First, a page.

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Reviews » DVD Video Reviews » Ocean Odyssey
Ocean Odyssey
BBC Worldwide // Unrated // December 12, 2006
List Price: $19.98 [Buy now and save at Amazon]
Review by Holly E. Ordway | posted December 21, 2006 | E-mail the Author
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C O N T E N T
V I D E O
A U D I O
E X T R A S
R E P L A Y
A D V I C E
Highly Recommended
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The movie

The oceans are a fascinating subject, but they're also very challenging places to do research or to film documentaries in. Fortunately, in recent years we've been treated to several excellent documentaries, most notably Blue Planet. But while most ocean nature documentaries only look at the sunlit surfaces of the ocean, Ocean Odyssey takes viewers far below the surface into the incredible depths of the ocean. The film follows the life of one sperm whale over its 80-year lifespan, from calfhood to old age.

Ocean Odyssey is made by the makers of the Walking With... series, and the approach is similar. Instead of illustrating the hidden depths of the past, Ocean Odyssey shows us the secrets of the depths of the abyss: the deep ocean. Because we can't actually see what life is like at the crushing depths of two kilometers below the ocean's surface, Ocean Odyssey uses CGI to recreate for our eyes something of what it might be like, if we could see with sonar the way the sperm whales do. It's very effectively done: we get a sense of the mystery and majesty of the deep-sea world while always remembering that we are "seeing" imaginatively through the whales' eyes.

The program does a very nice job of interweaving information about the ocean and sea life into a continuing narrative. One of the strengths of Ocean Odyssey is its recreation of the deep-sea landscape: the cliffs and valleys, the desert of the abyssal plain, the underwater mountain chain of the Mid-Atlantic Ridge. We also get a sense of the ecological web of the depths, with the sperm whales at the apex of the pyramid. We learn about the different biological and geological aspects of the deep along the way, as we follow the whales on their lifelong journey. Since Ocean Odyssey does focus on the whales, we learn the most about them: their biology, their behavior, their social behavior.

I found the structure of Ocean Odyssey to be quite effective; by following a single whale, the program has a tight focus that makes the overall program engaging. There's no over-sentimentalizing of the sperm whale's story (wisely, the "protagonist" is not given a name) but there is a nice recognition of the individuality of the whale and the richness of his life in the deep - after all, one of the things we learn in Ocean Odyssey is that sperm whales are highly intelligent, social, and long-lived. The only quibble that I have is with the two-episode structure; I think the program would have been better with some editing of the "next time..." segment at the end of the first episode and trimming of the introductory material at the start of the episodes. That's a minor issue, though; Ocean Odyssey makes good use of its 116 minutes of total running time, with good pacing overall.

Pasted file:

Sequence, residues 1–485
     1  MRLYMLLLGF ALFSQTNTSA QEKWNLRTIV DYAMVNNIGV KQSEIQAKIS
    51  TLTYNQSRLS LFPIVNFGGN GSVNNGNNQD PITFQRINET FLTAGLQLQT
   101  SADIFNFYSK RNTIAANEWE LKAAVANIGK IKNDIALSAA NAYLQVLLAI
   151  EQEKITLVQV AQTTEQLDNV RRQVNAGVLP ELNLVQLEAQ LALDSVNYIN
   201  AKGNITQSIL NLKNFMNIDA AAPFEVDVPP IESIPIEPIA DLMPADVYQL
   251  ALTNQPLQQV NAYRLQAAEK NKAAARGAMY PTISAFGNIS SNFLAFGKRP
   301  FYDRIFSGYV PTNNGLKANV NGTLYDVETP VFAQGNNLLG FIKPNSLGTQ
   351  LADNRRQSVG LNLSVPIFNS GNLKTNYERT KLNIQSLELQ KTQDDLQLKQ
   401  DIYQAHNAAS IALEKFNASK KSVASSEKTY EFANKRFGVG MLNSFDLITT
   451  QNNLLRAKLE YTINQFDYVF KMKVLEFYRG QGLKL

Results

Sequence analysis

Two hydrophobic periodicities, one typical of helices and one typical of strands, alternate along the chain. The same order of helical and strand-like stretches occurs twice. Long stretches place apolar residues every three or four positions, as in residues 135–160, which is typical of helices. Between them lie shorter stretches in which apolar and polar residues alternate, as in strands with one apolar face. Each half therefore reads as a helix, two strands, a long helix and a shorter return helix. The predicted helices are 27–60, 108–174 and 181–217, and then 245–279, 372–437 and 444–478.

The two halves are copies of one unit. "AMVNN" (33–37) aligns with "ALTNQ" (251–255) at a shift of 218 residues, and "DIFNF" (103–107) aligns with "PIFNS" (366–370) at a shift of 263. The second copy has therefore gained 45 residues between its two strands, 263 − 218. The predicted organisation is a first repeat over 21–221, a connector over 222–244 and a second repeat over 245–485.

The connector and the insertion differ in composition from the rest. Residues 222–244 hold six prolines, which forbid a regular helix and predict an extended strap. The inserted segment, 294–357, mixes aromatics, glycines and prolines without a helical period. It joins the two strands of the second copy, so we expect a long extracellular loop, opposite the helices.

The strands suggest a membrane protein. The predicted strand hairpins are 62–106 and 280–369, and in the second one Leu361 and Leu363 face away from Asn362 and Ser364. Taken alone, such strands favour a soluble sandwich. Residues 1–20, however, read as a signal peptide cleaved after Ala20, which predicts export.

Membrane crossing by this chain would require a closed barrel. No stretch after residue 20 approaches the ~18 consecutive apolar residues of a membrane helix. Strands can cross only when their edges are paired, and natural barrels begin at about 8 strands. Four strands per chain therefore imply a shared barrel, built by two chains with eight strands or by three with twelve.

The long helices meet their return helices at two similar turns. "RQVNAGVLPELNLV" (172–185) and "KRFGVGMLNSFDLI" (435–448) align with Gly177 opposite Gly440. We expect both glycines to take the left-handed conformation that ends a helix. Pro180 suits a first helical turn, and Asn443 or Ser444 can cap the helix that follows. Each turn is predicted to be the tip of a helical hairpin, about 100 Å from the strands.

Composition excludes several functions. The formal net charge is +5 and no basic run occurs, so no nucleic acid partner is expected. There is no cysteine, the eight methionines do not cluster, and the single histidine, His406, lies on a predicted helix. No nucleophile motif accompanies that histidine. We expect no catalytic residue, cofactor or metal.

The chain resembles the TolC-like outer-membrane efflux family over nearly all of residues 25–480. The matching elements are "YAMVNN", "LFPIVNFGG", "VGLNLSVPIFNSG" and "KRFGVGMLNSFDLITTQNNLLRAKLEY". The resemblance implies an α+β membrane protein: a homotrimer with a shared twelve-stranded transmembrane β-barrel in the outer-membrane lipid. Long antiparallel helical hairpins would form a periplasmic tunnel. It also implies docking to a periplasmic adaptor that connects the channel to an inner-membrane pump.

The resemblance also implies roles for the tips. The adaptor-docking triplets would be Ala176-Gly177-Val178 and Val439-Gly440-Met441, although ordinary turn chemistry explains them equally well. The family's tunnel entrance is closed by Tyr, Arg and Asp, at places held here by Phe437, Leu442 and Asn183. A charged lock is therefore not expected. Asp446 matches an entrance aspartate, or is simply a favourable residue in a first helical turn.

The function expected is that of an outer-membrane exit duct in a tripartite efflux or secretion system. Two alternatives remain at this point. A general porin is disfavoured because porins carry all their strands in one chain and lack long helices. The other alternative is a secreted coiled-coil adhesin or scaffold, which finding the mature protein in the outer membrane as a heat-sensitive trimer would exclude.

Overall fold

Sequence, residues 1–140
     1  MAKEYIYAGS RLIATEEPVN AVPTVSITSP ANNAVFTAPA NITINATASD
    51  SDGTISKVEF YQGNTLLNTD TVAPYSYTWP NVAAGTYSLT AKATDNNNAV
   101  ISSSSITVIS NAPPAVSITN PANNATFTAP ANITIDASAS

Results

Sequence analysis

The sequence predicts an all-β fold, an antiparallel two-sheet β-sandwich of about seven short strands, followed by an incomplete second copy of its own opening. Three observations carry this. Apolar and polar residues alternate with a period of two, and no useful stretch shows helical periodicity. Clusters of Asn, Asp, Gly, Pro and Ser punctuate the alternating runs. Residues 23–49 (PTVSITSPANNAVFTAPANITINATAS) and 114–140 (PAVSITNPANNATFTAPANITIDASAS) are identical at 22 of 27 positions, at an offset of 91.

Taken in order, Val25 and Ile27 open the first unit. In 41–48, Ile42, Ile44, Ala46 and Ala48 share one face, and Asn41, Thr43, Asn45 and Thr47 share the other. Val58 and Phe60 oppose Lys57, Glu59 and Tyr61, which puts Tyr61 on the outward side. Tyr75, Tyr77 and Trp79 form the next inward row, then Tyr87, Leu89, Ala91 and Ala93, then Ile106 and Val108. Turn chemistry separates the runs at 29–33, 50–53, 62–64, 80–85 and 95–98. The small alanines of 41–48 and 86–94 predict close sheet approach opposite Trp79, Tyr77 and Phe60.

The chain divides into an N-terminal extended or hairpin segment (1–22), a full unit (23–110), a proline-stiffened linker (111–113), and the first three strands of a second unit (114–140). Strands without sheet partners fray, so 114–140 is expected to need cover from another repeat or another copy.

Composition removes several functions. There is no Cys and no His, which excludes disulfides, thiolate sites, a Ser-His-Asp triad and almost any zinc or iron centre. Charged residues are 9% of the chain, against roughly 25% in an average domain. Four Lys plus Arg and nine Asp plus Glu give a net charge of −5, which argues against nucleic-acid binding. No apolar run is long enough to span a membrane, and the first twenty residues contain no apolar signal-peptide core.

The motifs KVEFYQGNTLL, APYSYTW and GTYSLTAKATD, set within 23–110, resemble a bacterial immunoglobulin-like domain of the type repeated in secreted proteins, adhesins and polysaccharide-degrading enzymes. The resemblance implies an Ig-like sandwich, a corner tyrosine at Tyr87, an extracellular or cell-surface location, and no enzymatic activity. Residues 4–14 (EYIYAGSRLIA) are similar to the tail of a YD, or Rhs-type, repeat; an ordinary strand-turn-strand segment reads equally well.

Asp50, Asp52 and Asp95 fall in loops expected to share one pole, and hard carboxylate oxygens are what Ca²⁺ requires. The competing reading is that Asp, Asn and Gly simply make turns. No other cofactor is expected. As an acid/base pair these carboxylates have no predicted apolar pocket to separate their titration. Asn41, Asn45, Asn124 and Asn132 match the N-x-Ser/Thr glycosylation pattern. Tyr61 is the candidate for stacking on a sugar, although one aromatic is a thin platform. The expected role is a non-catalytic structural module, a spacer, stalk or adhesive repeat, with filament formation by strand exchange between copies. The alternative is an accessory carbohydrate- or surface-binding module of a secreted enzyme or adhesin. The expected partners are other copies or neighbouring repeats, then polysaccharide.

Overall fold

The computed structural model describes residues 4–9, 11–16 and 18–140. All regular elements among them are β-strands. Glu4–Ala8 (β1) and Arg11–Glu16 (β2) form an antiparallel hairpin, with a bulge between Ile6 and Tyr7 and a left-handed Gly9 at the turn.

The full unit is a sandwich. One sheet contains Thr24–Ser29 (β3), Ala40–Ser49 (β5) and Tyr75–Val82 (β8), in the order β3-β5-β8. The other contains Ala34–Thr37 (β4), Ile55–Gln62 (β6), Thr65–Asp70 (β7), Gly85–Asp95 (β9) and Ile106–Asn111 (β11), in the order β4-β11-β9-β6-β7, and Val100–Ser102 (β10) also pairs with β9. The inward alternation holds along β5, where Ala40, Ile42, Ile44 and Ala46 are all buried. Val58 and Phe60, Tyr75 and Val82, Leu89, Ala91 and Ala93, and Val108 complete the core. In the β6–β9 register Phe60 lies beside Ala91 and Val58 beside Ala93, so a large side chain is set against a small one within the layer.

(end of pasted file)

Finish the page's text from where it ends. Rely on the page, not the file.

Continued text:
The program ties into historical events, starting with the laying of transatlantic telegraph cables, and continuing with references to the ongoing process by which humans have learned about the deep ocean. We see how deep-sea events like underwater earthquakes can have effects on land, and how whaling affected whales. While many documentaries seem to ignore the human relationship to the subject (at least until the last five minutes of the episode), Ocean Odyssey shows throughout the program the way that human life and deep-sea life are connected to and influence each other. For instance, after watching this program, viewers will understand how much of a deadly effect ships and the use of sonar can have on the life of whales and other marine life.

Visually, Ocean Odyssey is very well done, with excellent use of CGI to create the deep-ocean worlds for us. It's done in a very believable manner, and we get a strong sense of what it might be like to live deep below the ocean's surface. Other visuals are used effectively as well, such as when we're shown underwater geography or weather systems forming.

Ocean Odyssey does an excellent job of conveying solid information about the deep oceans, the life in them, and our human relationship to them. At the same time, the program also captures the sense of majesty, drama, and power of life on and in the ocean. It's not easy to balance these two elements, but Ocean Odyssey does so very well, making it both engaging and worthwhile to watch.

The DVD

Video

Ocean Odyssey is presented in its original widescreen aspect ratio of 1.85:1, and is anamorphically enhanced. The image is clean and attractive, with natural and pleasing colors and an overall good level of crisp detail.

Audio

The Dolby 2.0 soundtrack handles the demands of the program well. The voiceover narration is crisp and clear, and the music is balanced well with the rest of the track. Sound effects are an important part of Ocean Odyssey, and they're handled well here. English subtitles for the hard of hearing are also provided as an option.

Extras

There are no special features.

Final thoughts

If you've enjoyed Blue Planet or the Walking With... series, Ocean Odyssey is a no-brainer of a DVD purchase. The material is very interesting, and the presentation is handled well, making for an engaging and definitely worthwhile documentary. Highly recommended.

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